“Yeah, I’ve heard that story,” Aguilera told me at dinner before the Prince show, laying the groundwork for a night of Cristal with a flute of Veuve Cliquot. “She’s said that a few times.”

You don’t think it’s true?
“Oh no, I know it’s true.”
Aguilera was a small, glowing presence across the booth from me in a candlelit French-Mediterranean place in West Hollywood. White-blond hair pulled tightly back, gold chains dangling down the V-neck of her sweater in a suggestively directional manner. One chain’s pendant was a gold nautical anchor. Another’s was a charm-bracelet locket shaped like a tiny book, inscribed “My Album.”
After a quick cell-phone consultation with her husband—“Hey, Baby, what’s that salad you like here?”—she orders something leafy, plus the filet mignon. It’s refreshing to see a body-conscious L.A. performing artist drink alcohol and eat steak, but it also makes sense in this case: Large, robust mammals must die to feed that voice.
Though still so young, Aguilera has earned a certain world weariness having survived the epic Christina Aguilera saga thus far. She was part of the ’90s-teen-pop’s graduating class, and yet her vocal talents have always placed her well apart from her peers. A star at 7 (singing block parties and soon doing the national anthem for Penguins and Pirates home games), a TV performer at 12 (with Britney, JC, and Justin on The All New Mickey Mouse Club) and a breakout phenomenon at 18 (with the number one hit “Genie in a Bottle”). Not bad, considering the less-than-ideal conditions off stage.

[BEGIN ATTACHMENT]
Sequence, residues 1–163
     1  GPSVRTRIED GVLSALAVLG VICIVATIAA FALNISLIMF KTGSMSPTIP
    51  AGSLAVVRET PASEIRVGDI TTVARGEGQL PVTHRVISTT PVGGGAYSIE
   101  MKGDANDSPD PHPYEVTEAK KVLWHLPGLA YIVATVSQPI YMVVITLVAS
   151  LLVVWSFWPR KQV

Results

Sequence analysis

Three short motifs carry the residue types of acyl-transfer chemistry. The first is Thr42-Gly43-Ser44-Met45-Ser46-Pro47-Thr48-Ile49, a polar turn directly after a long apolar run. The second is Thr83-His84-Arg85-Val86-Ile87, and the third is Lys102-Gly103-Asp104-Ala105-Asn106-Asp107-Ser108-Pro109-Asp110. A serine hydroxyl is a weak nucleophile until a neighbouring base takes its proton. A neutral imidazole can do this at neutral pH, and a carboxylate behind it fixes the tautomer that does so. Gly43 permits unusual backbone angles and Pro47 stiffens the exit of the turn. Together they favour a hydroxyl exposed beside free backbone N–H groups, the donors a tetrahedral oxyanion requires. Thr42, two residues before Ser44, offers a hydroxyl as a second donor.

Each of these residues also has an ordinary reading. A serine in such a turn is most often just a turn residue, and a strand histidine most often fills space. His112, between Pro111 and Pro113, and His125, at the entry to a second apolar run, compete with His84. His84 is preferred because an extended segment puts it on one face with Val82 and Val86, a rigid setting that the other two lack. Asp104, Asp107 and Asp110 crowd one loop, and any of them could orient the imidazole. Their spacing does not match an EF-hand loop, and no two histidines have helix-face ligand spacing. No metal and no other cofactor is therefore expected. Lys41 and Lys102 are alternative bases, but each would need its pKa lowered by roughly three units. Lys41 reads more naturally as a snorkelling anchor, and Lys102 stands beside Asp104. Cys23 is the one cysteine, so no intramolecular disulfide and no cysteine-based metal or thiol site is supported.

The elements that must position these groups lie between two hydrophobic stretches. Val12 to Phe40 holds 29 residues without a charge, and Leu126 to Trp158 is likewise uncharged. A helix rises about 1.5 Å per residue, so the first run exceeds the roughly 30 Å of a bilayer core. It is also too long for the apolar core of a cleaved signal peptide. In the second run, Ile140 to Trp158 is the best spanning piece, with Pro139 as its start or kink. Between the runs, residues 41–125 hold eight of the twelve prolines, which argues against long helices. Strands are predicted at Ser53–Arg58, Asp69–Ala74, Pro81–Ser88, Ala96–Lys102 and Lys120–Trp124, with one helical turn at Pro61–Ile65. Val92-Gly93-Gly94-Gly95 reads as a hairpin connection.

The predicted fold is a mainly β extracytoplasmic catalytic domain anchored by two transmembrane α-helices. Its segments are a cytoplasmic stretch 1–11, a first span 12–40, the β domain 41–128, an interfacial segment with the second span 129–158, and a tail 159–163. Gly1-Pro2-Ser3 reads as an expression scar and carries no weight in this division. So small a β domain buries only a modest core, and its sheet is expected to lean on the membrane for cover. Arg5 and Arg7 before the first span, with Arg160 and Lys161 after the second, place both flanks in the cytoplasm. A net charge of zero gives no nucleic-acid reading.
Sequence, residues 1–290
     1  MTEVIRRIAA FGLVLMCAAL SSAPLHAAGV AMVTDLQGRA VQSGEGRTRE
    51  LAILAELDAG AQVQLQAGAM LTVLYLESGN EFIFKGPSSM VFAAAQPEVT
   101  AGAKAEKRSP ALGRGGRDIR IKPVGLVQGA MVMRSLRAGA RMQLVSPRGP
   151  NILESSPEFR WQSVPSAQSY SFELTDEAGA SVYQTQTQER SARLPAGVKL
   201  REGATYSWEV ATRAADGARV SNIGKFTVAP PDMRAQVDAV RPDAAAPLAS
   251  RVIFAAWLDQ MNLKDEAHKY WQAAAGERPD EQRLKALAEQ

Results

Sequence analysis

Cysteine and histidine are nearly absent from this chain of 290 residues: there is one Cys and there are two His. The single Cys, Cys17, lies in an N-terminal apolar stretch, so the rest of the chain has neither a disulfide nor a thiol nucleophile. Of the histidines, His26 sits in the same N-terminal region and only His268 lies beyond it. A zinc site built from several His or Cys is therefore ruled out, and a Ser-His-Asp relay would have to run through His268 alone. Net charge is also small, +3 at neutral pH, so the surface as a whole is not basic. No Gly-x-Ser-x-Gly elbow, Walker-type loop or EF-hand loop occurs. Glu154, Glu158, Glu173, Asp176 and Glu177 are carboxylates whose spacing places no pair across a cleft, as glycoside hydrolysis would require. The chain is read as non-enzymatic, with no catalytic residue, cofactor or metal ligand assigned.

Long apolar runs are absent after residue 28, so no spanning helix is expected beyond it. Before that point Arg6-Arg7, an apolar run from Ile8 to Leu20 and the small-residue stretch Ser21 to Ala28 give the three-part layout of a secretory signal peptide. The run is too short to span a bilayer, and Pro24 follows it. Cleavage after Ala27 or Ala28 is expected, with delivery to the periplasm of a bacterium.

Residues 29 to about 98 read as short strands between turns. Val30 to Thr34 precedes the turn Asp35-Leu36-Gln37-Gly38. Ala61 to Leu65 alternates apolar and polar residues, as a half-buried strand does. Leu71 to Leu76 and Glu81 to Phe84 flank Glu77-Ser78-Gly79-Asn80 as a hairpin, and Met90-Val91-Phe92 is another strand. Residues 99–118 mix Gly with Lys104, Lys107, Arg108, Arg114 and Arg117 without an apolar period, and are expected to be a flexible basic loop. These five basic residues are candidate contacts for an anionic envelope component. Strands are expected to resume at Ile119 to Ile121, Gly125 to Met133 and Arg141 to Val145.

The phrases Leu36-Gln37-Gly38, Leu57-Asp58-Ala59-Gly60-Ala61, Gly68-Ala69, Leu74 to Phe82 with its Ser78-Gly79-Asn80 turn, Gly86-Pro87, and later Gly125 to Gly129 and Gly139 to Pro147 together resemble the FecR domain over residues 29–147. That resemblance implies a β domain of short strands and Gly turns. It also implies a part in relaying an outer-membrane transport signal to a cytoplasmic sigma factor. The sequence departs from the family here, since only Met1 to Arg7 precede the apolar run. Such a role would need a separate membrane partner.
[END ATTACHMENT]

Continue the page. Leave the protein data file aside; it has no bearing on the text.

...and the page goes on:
In elementary school, she’d been harassed and threatened frequently enough by fame-resenting Pittsburgh bullies that her family had to move. More hurtfully, her father, Fausto, whom they left when Aguilera was 7, battered her mother. Even Aguilera’s earliest memories of music are shaded with the melancholy from the trauma. “It was my only way to escape the abuse,” she said. “I would run up to my room and listen to the soundtrack to The Sound of Music. I’d open my windows and sing along, “The hills are alive…”